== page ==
The residents of Porter Ranch were very concerned, however, about what the inhalation of the gas might do to their brains and their lungs. Some residents found the smell of gas so overwhelming that they sealed their windows and doors and refused to go outside. Others could not smell the gas and experienced no symptoms. Sometimes those with severe symptoms and those without lived in the same household. In the absence of reliable information from SoCalGas or state agencies, the residents of Porter Ranch underwent their own transformation: They became amateur scientists, epidemiologists, sociologists, political theorists. They began to develop their own hypotheses.
“Yellow spots,” Charles Chow said, “are coming out of the atmosphere.”
I met Chow, a 76-year-old retiree with mirthful eyes and springy joints, in his driveway in late January. He was installing new shocks on his 1992 burgundy Cadillac Brougham Elegante. Beside the Cadillac was a 1986 Silver Spirit Rolls-Royce. In the street, which is called Thunderbird Avenue, there was a 2002 Black Thunderbird. Chow pointed out the spots. They were about the size and color of a yellow split pea. They had appeared on the windshields of his cars, on the Cadillac’s vinyl roof, on the canyon-facing windows of his home.
Chow was soon joined in his driveway by Rick Goode, a neighbor of 25 years with a slender build and a birdlike gait. Goode wanted Chow’s advice about legal representation: About two dozen plaintiff’s firms had descended on Porter Ranch since October, competing to sign as many clients as possible. What did Chow think of Robert Kennedy’s firm? Or Weitz & Luxenberg, which had sent Erin Brockovich to solicit clients? The previous week, Brockovich told reporters that she “started feeling kind of dizzy” within 10 minutes of arriving in Porter Ranch. Chow ruled her out.
“You don’t get sick that fast,” he said.
“I’ve been having terrible headaches,” Goode said. “Have you?”
“My wife has headaches every day, sore throats,” Chow said. “I don’t. We both live in the same house. Everybody is different.”
Liz returned from a doctor’s appointment. She removed her sunglasses to reveal a new cyst on her eyelid. She searched for a word to describe her general condition since October. “A malaise,” she said finally.
Barbara Weiler, 64, who was walking her dog very slowly several blocks away, first experienced the malaise in gym class. “You felt like you were lazy,” she said. “It was obvious when we were using the resistance bands. We felt like we didn’t want to work as much as we normally would.”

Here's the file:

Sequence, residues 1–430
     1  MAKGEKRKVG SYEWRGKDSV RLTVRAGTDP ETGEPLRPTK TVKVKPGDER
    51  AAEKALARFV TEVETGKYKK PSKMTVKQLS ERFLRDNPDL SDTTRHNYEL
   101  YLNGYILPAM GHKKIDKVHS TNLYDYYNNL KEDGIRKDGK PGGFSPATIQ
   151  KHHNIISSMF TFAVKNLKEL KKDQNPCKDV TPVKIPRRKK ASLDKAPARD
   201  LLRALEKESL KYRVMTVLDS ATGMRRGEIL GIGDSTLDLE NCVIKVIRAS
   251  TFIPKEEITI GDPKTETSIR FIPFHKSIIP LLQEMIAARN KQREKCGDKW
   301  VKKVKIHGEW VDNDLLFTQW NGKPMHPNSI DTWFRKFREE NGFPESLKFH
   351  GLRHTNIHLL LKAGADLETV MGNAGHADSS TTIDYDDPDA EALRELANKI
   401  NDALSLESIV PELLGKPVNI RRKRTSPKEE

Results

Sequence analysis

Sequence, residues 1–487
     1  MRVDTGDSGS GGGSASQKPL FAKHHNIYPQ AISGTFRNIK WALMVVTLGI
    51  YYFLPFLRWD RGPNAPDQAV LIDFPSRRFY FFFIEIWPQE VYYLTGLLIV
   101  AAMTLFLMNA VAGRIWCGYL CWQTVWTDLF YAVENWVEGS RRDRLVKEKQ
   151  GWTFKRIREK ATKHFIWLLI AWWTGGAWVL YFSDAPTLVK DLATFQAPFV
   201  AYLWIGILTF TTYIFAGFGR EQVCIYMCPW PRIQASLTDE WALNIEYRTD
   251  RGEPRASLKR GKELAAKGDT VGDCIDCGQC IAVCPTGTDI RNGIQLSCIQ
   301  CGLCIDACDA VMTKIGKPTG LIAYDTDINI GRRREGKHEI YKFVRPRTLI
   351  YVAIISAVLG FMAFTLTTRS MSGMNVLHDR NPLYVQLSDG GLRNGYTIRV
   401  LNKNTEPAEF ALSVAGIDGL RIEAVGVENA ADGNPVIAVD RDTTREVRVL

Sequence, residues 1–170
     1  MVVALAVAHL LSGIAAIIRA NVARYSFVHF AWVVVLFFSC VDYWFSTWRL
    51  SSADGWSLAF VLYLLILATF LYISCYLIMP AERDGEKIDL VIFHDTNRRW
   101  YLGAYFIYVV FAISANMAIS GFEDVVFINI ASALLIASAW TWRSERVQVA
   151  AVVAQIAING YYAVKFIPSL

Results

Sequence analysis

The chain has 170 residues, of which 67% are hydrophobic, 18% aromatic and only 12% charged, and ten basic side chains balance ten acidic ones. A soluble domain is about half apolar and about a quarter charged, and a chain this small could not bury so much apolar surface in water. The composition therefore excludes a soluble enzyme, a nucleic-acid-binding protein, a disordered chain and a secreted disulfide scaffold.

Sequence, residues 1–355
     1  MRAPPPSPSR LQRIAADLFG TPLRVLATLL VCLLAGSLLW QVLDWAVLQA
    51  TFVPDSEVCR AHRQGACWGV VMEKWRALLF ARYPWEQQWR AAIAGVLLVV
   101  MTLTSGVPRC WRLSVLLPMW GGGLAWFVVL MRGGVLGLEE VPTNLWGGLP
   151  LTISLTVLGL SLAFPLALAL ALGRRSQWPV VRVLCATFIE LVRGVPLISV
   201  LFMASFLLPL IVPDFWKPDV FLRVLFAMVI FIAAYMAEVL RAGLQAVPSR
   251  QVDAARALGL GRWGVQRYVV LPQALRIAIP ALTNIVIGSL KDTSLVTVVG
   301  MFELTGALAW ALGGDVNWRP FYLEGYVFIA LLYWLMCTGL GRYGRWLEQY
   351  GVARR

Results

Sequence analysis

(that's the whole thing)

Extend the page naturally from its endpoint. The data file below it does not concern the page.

Paula Vasquez found the smell of gas so strong in late October that she was certain there was a leak inside her house. She hasn’t opened a window since. She and her family — she lives with her husband, their 33-year-old daughter and their 13-year-old grandson — have experienced bloody noses, blurred vision and nasal congestion. But Vasquez has also noticed other signs. She pointed to fruit trees in her neighbors’ backyard. “I see them picking lemons,” she said. “I don’t say anything, but I’m concerned for them. Is there gas in the fruit?”
She showed me photographs she made her grandson take on her cellphone while she was driving home on the Ronald Reagan Freeway. In the sky above Porter Ranch, a heavy funnel of clouds was lit neon orange.
“It looks like a big atomic cloud,” she said. Vasquez had a warm, cheerful manner; horror did not come naturally to her. “Creepy, huh? But I don’t know anything about science.”
We are a show-me species, wired to look for visible evidence of invisible harm. That impulse can lead a person to blame global warming for a hot day in February or, conversely, make a climate-change denialist find vindication in a snowstorm. But the world’s largest natural-gas leak has no known effects on clouds or lemons. (It may, however, create yellow dots. Michael Jerrett, the director of the Center for Occupational and Environmental Health at U.C.L.A., explained that the dots are most likely a residue of the petroleum-laced slurry used to plug the leak.) The most dangerous threats to our species are precisely those that are most difficult to visualize: long-term, slow-to-emerge, amorphous. These threats include not only warming temperatures but also mutating viruses and political corruption and tend to be invisible, dimensionless and pervasive, like death. Like natural gas.